Context. Sub-millimetre dust emission is an important tracer of column density N of dense interstellar clouds. One has to combine surface brightness information at different spatial resolutions, and specific methods are needed to derive N at a resolution higher than the lowest resolution of the observations. Some methods have been discussed in the literature, including a method (in the following, method B) that constructs the N estimate in stages, where the smallest spatial scales being derived only use the shortest wavelength maps. Aims: We propose simple model fitting as a flexible way to estimate high-resolution column density maps. Our goal is to evaluate the accuracy of this procedure and to determine whether it is a viable alternative for making these maps. Methods: The new method consists of model maps of column density (or intensity at a reference wavelength) and colour temperature. The model is fitted using Markov chain Monte Carlo methods, comparing model predictions with observations at their native resolution. We analyse simulated surface brightness maps and compare its accuracy with method B and the results that would be obtained using high-resolution observations without noise. Results: The new method is able to produce reliable column density estimates at a resolution significantly higher than the lowest resolution of the input maps. Compared to method B, it is relatively resilient against the effects of noise. The method is computationally more demanding, but is feasible even in the analysis of large Herschel maps. Conclusions: The proposed empirical modelling method E is demonstrated to be a good alternative for calculating high-resolution column density maps, even with considerable super-resolution. Both methods E and B include the potential for further improvements, e.g., in the form of better a priori constraints.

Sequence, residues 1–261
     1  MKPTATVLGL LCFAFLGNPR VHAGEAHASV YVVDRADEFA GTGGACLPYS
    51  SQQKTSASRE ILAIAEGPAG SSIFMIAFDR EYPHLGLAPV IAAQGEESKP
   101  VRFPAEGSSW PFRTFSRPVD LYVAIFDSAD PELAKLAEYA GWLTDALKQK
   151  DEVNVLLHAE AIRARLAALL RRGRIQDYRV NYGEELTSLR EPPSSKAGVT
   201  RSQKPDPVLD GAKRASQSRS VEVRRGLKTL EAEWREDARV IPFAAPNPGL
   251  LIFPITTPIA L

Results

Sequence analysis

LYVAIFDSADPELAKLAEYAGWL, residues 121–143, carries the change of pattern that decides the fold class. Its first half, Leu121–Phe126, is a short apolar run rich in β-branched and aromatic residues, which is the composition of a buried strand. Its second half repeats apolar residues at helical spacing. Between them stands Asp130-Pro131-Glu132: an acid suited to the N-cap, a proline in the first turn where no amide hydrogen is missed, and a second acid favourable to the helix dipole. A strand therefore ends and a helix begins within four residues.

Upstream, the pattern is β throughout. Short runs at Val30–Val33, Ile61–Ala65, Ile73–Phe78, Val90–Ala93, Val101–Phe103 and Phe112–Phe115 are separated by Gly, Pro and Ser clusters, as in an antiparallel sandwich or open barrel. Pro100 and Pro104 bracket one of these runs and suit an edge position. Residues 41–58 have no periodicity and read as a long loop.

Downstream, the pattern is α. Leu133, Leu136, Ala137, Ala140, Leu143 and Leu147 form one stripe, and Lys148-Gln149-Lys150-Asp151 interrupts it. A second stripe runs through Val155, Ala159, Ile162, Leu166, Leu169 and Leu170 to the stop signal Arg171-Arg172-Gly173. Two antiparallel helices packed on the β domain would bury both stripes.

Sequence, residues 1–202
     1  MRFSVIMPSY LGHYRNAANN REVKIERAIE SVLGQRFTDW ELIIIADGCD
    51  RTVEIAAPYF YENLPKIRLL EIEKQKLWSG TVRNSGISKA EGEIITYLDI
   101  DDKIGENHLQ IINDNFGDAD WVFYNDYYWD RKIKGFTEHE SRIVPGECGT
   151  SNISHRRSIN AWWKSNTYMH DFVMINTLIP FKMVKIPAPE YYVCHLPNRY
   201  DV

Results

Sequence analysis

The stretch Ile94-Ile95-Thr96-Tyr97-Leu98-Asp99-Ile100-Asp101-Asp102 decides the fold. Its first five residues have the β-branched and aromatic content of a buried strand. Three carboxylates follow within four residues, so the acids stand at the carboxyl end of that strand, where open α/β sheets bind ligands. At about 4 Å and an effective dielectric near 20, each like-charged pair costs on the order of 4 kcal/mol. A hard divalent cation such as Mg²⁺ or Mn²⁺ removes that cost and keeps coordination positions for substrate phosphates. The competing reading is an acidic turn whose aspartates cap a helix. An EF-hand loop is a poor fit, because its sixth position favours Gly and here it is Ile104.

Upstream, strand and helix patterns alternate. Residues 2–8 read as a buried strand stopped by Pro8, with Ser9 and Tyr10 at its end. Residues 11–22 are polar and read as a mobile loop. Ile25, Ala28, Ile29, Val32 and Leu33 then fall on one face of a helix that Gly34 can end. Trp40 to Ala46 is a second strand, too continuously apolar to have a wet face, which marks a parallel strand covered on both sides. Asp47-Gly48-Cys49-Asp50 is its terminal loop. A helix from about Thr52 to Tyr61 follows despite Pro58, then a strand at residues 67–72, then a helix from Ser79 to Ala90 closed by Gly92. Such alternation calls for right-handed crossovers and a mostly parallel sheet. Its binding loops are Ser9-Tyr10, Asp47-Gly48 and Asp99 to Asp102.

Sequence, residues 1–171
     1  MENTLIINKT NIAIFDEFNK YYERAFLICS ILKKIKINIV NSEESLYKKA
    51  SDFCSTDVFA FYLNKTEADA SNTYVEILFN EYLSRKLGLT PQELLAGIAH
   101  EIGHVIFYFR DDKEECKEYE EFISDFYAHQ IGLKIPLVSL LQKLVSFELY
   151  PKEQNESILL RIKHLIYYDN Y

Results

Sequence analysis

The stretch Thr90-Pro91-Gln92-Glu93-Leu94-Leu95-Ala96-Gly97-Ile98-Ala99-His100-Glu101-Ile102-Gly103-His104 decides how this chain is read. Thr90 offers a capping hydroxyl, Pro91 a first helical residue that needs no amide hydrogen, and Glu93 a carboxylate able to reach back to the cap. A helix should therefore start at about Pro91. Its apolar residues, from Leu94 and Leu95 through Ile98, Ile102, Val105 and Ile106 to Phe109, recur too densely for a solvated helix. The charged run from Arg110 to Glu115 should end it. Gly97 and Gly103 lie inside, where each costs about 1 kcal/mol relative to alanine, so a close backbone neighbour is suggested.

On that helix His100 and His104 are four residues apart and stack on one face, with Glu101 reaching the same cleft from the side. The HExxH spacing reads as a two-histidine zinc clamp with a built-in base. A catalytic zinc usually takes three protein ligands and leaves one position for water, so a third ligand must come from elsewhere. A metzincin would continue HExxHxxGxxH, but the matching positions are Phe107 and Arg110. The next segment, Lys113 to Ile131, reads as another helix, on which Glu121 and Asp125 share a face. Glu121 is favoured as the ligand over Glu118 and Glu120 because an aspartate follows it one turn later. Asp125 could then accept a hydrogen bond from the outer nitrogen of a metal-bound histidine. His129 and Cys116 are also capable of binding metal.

17. High resolution digital soil mapping as a future instrument for developing sustainable landuse strategies

    NASA Astrophysics Data System (ADS)

    Gries, Philipp; Funke, Lisa-Marie; Baumann, Frank; Schmidt, Karsten; Behrens, Thorsten; Scholten, Thomas

    2016-04-01

    Climate change, increase in population and intensification of land use pose a great challenge for sustainable handling of soils. Intelligent landuse systems are able to minimize and/or avoid soil erosion and loss of soil fertility. A successful application of such systems requires area-wide soil information with high resolution. Containing three consecutive steps, the project INE-2-H („innovative sustainable landuse") at the University of Tuebingen is about creating high-resolution soil information using Digital Soil Mapping (DSM) techniques to develop sustainable landuse strategies. Input data includes soil data from fieldwork (texture and carbon content), the official digital soil and geological map (1:50.000) as well as a wide selection of local, complex and combined terrain parameters. First, soil maps have been created using the DSM approach and Random Forest (RF). Due to high resolution (10x10 m pixels), those maps show a more detailed spatial variability of soil information compared to the official maps used. Root mean square errors (RMSE) of the modelled maps vary from 2.11 % to 6.87 % and the coefficients of determination (R²) go from 0.42 to 0.68. Second, soil erosion potentials have been estimated according to the Universal Soil Loss Equation (USLE). Long-term average annual soil loss ranges from 0.56 to 24.23 [t/ha/a]. Third, combining high-resolution erosion potentials with expert-knowledge of local farmers will result in a landuse system adapted to local conditions. This system will include sustainable strategies reducing soil erosion and conserving soil fertility.